Harmonizing melodies with modulations to closely related keys involves a bit of long-range planning. Since analyzing the entire melody with scale degrees in the original key won’t help with modulations, you need to start a little more schematically.
- Start by examining the melody at cadences, specifically looking for the two-note melodic cadence. Figure out the different possible keys and harmonic cadences that would support the melodic cadence.
- Examine the melody immediately following the cadence to see what key area(s) it could support.
- Sketch a bass line and harmonic progression with Roman numerals at each cadence (two chords for the cadence itself, plus maybe one chord before it). I switched 2 and 3 in class.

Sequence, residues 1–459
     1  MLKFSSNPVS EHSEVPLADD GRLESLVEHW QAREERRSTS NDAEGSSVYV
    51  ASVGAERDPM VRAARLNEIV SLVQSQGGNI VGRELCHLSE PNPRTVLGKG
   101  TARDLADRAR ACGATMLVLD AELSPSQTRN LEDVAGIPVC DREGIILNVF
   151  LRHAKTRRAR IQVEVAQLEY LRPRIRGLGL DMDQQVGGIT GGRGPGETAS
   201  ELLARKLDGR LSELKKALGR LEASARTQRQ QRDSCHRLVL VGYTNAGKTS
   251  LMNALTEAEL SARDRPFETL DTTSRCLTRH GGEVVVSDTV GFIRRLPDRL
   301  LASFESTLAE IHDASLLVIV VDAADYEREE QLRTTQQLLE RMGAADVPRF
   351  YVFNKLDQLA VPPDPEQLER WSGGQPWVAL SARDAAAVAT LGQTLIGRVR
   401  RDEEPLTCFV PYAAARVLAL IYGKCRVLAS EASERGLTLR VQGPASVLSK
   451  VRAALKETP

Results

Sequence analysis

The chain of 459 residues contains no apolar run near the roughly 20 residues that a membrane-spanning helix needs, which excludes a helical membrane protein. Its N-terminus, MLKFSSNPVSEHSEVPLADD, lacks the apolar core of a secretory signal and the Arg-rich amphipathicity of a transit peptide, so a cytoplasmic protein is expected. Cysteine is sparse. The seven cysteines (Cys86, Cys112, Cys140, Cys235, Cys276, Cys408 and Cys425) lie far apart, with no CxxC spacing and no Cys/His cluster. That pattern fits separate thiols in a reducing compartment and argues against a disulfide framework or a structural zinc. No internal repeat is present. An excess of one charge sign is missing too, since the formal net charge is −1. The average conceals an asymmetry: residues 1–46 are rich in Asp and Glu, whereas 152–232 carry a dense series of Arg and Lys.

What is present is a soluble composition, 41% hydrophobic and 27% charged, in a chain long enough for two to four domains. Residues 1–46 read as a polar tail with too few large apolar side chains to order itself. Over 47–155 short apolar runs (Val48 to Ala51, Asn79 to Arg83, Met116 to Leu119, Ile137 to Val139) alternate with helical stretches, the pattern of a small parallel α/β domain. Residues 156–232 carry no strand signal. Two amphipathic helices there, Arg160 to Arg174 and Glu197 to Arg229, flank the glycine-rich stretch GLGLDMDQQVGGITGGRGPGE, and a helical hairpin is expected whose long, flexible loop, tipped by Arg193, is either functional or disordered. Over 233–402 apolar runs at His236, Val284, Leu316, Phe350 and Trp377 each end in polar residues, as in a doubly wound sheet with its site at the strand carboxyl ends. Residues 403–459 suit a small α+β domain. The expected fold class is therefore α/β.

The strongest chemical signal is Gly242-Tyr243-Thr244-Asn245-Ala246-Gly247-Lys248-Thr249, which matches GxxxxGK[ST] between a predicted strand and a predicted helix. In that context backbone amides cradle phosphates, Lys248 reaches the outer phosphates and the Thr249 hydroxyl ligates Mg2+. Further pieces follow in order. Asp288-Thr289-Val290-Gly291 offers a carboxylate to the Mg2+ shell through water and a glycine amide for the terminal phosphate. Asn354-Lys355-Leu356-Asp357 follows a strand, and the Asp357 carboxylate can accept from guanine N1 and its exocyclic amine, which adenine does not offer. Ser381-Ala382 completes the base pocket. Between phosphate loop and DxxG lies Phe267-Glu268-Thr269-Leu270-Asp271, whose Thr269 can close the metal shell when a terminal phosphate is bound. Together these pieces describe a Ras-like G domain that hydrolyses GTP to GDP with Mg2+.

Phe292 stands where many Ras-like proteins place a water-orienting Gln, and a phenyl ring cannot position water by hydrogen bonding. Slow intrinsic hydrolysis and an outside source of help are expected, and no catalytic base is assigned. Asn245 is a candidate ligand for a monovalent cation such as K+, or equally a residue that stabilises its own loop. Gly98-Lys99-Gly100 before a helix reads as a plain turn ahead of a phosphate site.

- Focus on how you get from your key at the beginning of the phrase to the new key at the cadence. Consider what harmonies are common to the two key areas, which can help you find a pivot chord for modulation. Remember that chromatic modulations are possible, but that they usually happen early in the phrase to allow for a strong cadence to come afterwards to reinforce the change. Pivot chord modulations can occur anywhere in the phrase.